Frank. I understand.-Well done! but poor the girl is not. Isn't she my sole heir ! is it not so, Charlotte ?-Oh, we know each other, by this time ! (pointing at Ann.) What's the crying for,




Phil. She is pleased, poor old woman!

Frank Isn't that our good old on? Pbil. It is she,


Frank. Ann, is it you ? Reach me that hand that has given me so many slices of bread and butter. Well, you have continued än honest girl ; and you shall never want any thing to chew while you have a tooth in your head.

Ann. Uobbing.) I cannot talk--now.

Frank. Well, then, hold your tongue. We all see your tears come from the heart.-But what the deuce is become of my gout, . Doctor? I think my ftick has got it all."

It is almost unnecessary to add, that, in point of morality, " the Reconciliation” is unexceptionable. ---And, though the translator hath but indifferently performed his part, we have read it with a high degree of pleasure and satisfaction:

Art. XI. A Course of Mathematics; in two Volumes, composed,

and more especially designed, for the Use of the Gentlemen Cadets, in the Royal Military Academy, at Woolwich. By Charles Hutton, LL.D. F.R.S. and Professor of Mathematics in the said Academy. 8vo. Price 155. Robinsons, London. 1798: THE object and plan of this useful work are thus set forth

in the preface :* A short and easy course of mathematical sciences has long been considered as a desideratuin for the use of students, in the different schools of education, one that should hold a middle rank between the moré voluminous and bulky collections of this kind; and the mere abftract and brief common place forms of principles and memoran. duns.

“For long experience in all feminaries of learning, and particu. larly in the Royal Military Academy of Woolwich, has thewn that such a work was very much wanted, and would prove a very great and general benefit, as, for want of it, recourse has always been obliged to be had to a number of other books, of different authors, selecting a part from one, and a part from another, as seemed most suitable to the purpose in hand, and rejecting the other parts; a practice which occasions much expence and trouble, in procuring and keeping such a number of odd volumes, of various modes of composition and form, besides wanting the benefit of uniformity and reference, which are found in a regular series of compofitions. To remove these in. conveniencies, the author of the present work has been induced, from time to time, to compose various parts of this Course of Mathe. matics, which the experience of many years use in the Academy has enabled him to adopt and improve to the most useful form and quantity for the benefit of instruction, and, to render the benefit more eminent and lasting, the Master.General of the Ordnance has been NOXII, VOL. III,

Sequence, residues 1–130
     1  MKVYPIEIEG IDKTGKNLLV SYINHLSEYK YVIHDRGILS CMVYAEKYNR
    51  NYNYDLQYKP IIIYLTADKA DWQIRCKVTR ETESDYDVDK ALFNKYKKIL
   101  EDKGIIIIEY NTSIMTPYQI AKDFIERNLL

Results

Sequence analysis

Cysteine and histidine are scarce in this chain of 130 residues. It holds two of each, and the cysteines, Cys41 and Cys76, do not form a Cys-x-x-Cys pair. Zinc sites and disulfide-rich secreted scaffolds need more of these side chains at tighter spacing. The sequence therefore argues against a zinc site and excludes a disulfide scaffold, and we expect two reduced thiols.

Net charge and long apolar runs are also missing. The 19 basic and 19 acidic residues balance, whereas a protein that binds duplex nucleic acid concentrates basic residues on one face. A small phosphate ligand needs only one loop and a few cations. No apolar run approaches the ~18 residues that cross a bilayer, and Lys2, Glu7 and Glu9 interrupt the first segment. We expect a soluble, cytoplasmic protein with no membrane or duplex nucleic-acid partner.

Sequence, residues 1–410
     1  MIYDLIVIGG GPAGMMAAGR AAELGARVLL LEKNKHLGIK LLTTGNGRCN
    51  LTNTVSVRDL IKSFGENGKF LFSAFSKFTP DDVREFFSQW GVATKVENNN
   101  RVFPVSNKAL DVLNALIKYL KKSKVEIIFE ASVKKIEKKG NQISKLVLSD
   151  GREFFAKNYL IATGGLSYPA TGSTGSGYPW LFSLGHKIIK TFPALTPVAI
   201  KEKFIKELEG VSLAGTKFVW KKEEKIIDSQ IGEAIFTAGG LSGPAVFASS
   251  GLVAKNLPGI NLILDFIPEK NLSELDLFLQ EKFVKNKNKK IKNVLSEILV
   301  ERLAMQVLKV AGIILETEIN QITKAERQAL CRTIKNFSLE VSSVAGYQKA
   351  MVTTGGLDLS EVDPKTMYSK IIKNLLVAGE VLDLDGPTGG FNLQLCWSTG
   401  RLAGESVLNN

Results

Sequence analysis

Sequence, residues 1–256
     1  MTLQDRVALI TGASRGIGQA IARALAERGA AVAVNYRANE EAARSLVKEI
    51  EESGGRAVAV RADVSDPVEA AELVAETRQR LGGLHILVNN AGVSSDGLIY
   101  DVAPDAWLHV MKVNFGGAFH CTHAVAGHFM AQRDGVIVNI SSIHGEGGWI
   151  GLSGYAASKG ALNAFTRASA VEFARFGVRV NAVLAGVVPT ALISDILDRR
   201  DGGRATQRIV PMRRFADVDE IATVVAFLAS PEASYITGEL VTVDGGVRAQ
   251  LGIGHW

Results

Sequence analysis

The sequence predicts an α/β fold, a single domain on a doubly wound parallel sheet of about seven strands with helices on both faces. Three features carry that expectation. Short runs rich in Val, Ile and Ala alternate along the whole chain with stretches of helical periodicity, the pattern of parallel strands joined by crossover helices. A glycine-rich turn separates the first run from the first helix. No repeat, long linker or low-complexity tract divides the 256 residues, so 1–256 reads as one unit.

pleased to give it its present form, by ordering it to be enlarged and printed.”...

The first volume contains the three important branchesArithmetic, Algebra, and Geometry,

In Arithmetic the rules are set forth with perspicuity, and precision, and the examples, both in number and arrangement, seem well adapted to the practice of schools. At the bottom of the pages explanations are given, with scientific demonstrations, where such are necessary; Fractions, both Vulgar and Decimal, are treated in a clear and comprehensive man. ner, and a new and easy method is given for extracting the Cube Roots, and the Roots of all higher powers.

Algebra contains rules and examples likewise well adapted to scholastic use. We think this tract would be still clearer, had the author introduced more numerical illustrations than he has; this want, however, may be supplied by the teacher. The rules and questions will be found arranged in judicious gradations; an advantage too rarely attended to by writers on this subject

The rules here given for estimating and computing all algebraic expressions of quantities are plain and practical, and all the higher equations are solved by the rule of double pofition.